Thursday, October 11, 2007

Alabama "Meth Judge" Sentenced to 12 Years

From the Montgomery Advertiser

Oct 11, 12:29 PM EDT

Former Ala. judge sentenced to 12 years in meth case in Miss.

COLUMBUS, Miss. (AP) -- A former west Alabama judge who pleaded guilty to methamphetamine charges was sentenced to 12 years imprisonment Wednesday after describing how his addictions spiraled out of control.

Ira D. Colvin, who was arrested last year in Mississippi, was immediately taken into custody.

The former district judge must serve five years of supervised release after finishing his prison term, said prosecutor Rhonda Hayes-Ellis.

"Meth is a terrible drug, and it has terrible effects on everyone involved," Hayes-Ellis said outside court. "It's certainly unfortunate."

Colvin was appointed to the judgeship in 2002, and he was removed from the bench after being charged. He still faces drug charges in Alabama, where authorities said meth was found in his office in Carrollton following his arrest.

During a three-hour sentencing hearing, Colvin described how he became addicted first to alcohol, then prescription medication and finally methamphetamine. He pleaded guilty to possessing precursors used to make the drug.

A woman who was arrested with Colvin, Ashley Watkins of Gordo, Ala., pleaded guilty and agreed to testify against Colvin. She awaits sentencing. Hayes-Ellis said Colvin claimed he paid Watkins to go to stores and purchase drug ingredients for him.

Colvin's wife, Christy Dawn Colvin, was arrested in Columbus on a similar charge only four months before his arrest. Her initial possession of meth charge was reduced to possession of a controlled substance in exchange for a guilty plea. She was given a six-month suspended jail sentence and ordered to complete drug rehabilitation.

Colvin was indicted in May 2004 on federal bankruptcy fraud charges alleging he hid $25,000 in assets for a client in 2001 while still working as a private attorney. The charges were dropped after Colvin apologized, and he won a term as district judge in November 2004.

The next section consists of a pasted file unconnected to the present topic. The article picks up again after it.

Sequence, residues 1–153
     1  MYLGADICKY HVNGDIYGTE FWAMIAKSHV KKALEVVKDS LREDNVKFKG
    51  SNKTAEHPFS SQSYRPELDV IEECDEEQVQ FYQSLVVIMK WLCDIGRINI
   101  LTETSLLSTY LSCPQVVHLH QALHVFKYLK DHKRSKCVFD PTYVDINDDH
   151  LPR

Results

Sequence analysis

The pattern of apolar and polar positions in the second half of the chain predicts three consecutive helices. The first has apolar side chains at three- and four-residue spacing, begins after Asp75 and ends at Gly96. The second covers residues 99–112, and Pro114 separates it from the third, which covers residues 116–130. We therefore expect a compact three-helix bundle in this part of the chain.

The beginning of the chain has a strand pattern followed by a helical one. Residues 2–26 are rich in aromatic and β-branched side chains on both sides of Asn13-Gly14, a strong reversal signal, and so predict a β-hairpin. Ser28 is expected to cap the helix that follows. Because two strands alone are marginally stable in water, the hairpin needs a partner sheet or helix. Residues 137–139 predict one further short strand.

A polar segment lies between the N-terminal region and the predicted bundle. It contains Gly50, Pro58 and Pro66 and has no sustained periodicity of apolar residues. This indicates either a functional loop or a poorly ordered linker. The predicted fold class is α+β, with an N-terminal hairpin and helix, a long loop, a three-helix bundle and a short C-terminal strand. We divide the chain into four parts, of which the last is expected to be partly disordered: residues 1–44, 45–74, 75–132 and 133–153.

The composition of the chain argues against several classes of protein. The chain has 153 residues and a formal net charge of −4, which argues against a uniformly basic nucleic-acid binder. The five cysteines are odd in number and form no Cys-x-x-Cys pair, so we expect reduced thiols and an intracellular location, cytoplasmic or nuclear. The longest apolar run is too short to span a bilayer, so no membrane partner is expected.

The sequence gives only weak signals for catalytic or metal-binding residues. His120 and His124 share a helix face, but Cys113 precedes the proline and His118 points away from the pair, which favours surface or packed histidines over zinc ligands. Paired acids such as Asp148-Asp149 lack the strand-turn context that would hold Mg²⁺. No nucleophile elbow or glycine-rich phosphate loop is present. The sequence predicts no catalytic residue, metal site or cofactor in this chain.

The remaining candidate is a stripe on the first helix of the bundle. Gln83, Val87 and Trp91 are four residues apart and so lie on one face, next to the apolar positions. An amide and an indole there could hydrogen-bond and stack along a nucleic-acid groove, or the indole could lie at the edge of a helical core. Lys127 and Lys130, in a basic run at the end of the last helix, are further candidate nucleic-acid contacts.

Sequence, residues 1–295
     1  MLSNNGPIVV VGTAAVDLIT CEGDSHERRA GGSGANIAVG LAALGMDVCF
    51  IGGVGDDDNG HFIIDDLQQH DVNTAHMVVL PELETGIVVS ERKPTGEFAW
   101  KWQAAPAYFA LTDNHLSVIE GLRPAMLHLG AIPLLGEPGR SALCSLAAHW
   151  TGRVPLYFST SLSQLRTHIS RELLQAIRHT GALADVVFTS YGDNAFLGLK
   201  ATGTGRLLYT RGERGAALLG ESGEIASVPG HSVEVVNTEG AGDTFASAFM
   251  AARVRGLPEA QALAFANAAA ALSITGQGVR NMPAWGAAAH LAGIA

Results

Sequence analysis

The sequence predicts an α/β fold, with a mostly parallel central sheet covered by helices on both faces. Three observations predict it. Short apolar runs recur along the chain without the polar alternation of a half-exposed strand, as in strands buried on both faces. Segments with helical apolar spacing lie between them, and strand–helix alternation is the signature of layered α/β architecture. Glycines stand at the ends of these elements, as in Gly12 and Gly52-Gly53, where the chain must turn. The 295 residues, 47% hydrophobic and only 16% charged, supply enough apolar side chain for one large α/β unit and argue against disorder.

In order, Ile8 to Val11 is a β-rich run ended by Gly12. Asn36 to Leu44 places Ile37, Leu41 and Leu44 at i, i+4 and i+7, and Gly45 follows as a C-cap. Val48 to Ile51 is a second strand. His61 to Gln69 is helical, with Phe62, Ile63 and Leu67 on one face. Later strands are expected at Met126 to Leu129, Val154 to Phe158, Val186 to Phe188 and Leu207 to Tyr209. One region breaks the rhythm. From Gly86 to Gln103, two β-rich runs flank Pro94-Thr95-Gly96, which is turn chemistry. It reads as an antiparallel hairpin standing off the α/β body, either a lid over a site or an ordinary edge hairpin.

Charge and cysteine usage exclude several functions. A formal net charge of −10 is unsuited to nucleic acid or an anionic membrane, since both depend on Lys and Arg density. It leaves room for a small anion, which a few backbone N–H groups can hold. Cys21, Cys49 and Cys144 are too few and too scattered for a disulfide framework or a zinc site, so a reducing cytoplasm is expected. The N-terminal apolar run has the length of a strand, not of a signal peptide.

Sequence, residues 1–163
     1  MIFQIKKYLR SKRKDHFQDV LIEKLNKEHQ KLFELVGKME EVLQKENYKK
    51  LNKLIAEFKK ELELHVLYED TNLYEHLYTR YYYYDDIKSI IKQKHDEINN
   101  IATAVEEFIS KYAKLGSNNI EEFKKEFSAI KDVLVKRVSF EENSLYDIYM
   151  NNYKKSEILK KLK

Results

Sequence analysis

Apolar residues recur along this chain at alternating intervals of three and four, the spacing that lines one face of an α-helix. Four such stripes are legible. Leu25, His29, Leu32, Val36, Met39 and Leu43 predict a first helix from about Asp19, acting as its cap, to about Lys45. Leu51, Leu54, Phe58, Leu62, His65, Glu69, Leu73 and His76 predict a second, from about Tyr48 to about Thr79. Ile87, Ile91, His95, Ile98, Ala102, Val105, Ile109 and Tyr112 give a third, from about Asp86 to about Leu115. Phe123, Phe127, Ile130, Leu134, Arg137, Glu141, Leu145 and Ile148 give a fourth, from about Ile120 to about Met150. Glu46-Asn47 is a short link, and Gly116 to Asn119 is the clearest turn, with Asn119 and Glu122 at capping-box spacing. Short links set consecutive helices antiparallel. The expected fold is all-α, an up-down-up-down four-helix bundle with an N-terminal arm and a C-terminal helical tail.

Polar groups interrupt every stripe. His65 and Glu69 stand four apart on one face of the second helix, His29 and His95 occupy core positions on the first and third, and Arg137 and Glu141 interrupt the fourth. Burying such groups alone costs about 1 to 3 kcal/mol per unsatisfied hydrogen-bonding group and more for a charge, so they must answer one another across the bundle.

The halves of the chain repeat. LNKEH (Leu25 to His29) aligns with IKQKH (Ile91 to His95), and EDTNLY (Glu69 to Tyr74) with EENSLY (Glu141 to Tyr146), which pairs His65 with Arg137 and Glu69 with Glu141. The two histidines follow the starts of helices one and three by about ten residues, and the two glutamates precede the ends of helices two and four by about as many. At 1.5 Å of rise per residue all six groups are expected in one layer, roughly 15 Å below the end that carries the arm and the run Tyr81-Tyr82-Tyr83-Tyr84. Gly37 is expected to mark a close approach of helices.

I've covered this story since it broke back in August 2006. My initial reaction was that the proverbial book should be thrown at Judge Ira Colvin. I was also very curious to know what his record was when sentencing drug defendants who came before him. That information is difficult to come by so I still do not know what his record was. Even so I feel kind of bad for the guy. Addiction is addiction be it the town drunk or the sitting judge and prison is no place to heal or put one's life back together.


Bitter Old Punk said...

So his addictive spiral consisted of alcohol (legal) and then prescription drugs (legal), before he got hooked on phonics, erm, meth? Interesting. Obviously the answer is to ban alcohol and prescription drugs, since they lead to addiction.

Oh, wait....

Dennis said...

Twelve years? Big deal, he'll be out in no time. In the mean time, meth is available in prison. They actually did him a favor.

The Alcoholics said...

I was fortuned the opportunity to be inspired by Ira @ a long-term substance abuse residential recovery residence. I knew Ira as a compassionate articulate human. I had heard him called Judge Meth before, but tonight upon reading this articles's titular moniker I was appalled. Politics played a huge part in his sentencing. He told me how he would preside over addicted individuals in his courtroom. He wanted to help them, if they sought help. He himself is seeking help. He remains in my prayers. I judge not lest I condemn myself.

Anonymous said...

I personally have known "Bennie" as we called him at home. He is a wonderful man who has an addiction problem. Having experienced addiction in my own family, it is easier for me to understand. I just pray for him every day and I know he will come out okay. He has helped so many people in his life!